Another option is restorative justice, which focuses on repairing the harm caused by crime. It’s a collaborative process that involves all stakeholders, bringing criminals and victims together to find solutions that meet the needs of the society as a whole. This could include offenders apologising for their crimes, returning stolen items or participating in community service. Presently restorative justice is mainly used for minor crimes, but there are examples of its success for more serious offences. The New York Times reported on the case of Conor McBride, who shot and murdered his girlfriend Ann Grosmaire. McBride went to prison for his crime, but he and Ann Grosmaire’s family engaged in an extensive process of restorative justice. Her family was able to confront McBride for his actions, he was given the opportunity to listen to the impact the crime had on them, and they were able to discuss his punishment and rehabilitation as a group. This not only involved the larger community in the justice process, but also provided a level of closure for the Grosmaire family.
Both of these measures should go a long way to both reducing our prison population and reducing levels of violence crime. Eliminating prison sentences for non-violent crimes would stop people from getting caught within the violence of the system, reducing recidivism rates and the permanent ‘criminal class’.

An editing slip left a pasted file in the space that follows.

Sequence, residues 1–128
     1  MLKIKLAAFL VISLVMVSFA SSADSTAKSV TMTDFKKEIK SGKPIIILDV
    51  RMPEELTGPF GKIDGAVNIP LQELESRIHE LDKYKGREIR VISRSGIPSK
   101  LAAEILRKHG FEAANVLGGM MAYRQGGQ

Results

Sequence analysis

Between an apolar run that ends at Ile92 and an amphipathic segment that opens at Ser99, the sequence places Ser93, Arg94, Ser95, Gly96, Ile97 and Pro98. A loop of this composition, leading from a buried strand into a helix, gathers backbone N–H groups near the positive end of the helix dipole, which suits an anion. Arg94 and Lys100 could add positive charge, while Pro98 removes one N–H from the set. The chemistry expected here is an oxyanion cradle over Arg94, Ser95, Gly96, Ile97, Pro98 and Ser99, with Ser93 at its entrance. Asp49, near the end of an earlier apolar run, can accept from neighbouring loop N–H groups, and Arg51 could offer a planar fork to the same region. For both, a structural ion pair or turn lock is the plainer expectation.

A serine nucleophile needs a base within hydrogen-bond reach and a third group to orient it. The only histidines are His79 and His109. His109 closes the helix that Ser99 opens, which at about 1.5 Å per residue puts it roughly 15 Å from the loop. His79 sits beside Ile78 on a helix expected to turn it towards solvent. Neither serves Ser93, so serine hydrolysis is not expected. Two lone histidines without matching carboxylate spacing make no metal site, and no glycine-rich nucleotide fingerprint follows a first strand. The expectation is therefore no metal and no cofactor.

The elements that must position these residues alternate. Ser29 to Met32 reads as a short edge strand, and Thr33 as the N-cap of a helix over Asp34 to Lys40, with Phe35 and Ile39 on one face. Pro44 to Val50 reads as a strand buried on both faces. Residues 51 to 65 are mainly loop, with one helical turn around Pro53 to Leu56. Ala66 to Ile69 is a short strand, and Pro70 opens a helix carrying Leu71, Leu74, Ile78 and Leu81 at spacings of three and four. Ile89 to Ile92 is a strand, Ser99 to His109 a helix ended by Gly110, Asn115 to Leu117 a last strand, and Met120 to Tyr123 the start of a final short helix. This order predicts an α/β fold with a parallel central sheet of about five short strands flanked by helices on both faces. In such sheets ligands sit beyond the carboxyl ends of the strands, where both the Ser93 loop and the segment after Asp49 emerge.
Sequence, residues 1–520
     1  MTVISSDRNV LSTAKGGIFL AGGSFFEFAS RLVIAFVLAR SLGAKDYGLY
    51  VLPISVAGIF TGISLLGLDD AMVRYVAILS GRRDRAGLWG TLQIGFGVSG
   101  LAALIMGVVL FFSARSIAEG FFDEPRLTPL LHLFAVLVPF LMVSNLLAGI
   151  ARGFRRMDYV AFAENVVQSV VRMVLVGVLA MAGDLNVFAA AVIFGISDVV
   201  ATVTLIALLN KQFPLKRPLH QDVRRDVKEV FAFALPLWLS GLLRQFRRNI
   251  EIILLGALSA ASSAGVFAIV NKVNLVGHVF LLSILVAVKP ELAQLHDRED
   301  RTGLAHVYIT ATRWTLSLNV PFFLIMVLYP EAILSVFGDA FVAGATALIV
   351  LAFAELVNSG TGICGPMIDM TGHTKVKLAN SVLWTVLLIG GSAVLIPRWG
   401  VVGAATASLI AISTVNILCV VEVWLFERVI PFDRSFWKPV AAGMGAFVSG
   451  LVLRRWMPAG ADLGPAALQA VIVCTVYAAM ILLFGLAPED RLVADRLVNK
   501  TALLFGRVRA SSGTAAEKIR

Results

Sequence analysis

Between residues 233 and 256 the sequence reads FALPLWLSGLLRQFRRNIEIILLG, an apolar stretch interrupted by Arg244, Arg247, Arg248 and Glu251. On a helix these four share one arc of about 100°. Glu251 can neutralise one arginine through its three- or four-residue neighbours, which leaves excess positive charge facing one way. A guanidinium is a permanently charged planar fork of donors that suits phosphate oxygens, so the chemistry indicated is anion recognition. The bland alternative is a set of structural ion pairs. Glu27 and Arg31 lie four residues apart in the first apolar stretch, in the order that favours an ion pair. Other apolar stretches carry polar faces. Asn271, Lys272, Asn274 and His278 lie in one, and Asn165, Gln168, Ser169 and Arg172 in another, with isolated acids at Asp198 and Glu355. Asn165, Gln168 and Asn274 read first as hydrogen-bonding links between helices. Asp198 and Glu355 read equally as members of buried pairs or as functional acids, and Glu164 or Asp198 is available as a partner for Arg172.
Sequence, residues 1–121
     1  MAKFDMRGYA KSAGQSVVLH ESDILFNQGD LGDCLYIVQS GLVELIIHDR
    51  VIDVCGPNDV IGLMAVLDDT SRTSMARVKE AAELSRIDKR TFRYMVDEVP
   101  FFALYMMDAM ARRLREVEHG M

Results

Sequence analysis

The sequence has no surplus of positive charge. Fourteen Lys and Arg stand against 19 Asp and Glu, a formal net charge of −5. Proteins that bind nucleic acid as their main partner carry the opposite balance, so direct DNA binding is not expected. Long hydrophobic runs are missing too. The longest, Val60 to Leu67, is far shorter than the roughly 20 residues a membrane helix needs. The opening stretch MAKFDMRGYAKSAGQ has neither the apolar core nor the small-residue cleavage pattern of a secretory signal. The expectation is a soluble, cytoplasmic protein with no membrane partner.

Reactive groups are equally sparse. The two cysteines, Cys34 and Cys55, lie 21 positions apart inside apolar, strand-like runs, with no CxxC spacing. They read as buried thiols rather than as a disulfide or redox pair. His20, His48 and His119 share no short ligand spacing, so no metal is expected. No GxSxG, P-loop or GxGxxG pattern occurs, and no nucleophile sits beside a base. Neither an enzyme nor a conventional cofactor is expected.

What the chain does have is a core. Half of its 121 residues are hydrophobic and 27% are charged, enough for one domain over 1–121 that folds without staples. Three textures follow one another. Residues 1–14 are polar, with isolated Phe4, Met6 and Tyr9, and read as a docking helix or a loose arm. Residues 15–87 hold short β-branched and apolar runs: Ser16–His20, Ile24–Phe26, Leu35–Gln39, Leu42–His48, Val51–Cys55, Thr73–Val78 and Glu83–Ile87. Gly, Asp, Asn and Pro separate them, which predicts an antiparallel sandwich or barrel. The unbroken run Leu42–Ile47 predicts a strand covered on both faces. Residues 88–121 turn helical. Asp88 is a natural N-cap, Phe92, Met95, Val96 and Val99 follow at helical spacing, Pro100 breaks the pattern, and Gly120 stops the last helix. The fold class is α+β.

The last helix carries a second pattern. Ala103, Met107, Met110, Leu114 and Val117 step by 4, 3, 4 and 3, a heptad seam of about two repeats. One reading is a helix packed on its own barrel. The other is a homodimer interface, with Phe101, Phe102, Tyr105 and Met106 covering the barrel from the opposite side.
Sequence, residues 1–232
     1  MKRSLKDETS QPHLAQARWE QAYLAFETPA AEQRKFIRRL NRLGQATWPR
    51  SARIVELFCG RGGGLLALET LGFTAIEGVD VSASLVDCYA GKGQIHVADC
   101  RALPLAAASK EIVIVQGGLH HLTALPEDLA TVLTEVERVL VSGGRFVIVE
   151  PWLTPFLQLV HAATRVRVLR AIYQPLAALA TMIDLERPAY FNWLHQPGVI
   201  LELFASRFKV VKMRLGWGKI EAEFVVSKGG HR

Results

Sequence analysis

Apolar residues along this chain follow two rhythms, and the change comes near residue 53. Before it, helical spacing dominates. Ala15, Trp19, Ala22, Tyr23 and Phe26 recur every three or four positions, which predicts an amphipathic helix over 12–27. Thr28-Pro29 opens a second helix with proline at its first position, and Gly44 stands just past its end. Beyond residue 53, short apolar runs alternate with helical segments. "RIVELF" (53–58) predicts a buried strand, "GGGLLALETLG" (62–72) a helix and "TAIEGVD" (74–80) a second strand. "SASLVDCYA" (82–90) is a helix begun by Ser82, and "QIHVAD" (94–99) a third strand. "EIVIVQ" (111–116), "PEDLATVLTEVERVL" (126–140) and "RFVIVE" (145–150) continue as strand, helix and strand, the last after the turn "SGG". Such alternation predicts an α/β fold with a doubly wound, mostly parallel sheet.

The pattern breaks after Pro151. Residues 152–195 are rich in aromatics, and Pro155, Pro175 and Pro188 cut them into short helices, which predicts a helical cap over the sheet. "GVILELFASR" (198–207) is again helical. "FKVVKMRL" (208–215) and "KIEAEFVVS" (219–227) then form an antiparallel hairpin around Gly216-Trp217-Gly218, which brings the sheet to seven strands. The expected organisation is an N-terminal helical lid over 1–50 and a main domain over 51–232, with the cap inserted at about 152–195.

Restorative justice would not always, or even neccassrily, work for violent crimes, but there are other options. Many Scandinavian countries, for example, have ‘open prisons’, which operate fundamentally differently to our own, allowing inmates to roam freely, and to commute into town every day to engage in work or study (often with supervision). They provide a space in which criminals can be rehabilitated, even as they actively integrate themselves back into society.
There are many other alternatives available. What these systems have in common is an approach to justice that takes the focus away from punitive measures and looks towards solutions that benefit the majority. They are designed to stop recidivism, and in turn to stop people from becoming life-long criminals. They see crime in a different light – something caused by social situations and, therefore, as something that is the responsibility of society just as much as it is of the individual. Most importantly, they focus on the reduction of crime, both through removing some of the causes and through changing our very conception of such offences.
What happened at the Don Dale Detention Centre was – is – a national shame. It highlights what happens when people are given complete control over the lives of others who have been completely dehumanised. It reveals a carceral system that is not designed to reduce crime, but in fact use it as a form of social control.
The only solution is to strive for a system focused less on punitive measures and more on creating solutions that works for all of society.
Writers and artists, enter our Fair Australia Prize!
- How do we make a fair society? What are the things that need to change?
- What would a sustainable future or a just justice system look like?
- How can we improve labour or employment practices?
- What might a fairer planet look like in twenty years?
Closes 31 August. Visit the 2016 Overland NUW Fair Australia Prize page for details. Entry is free.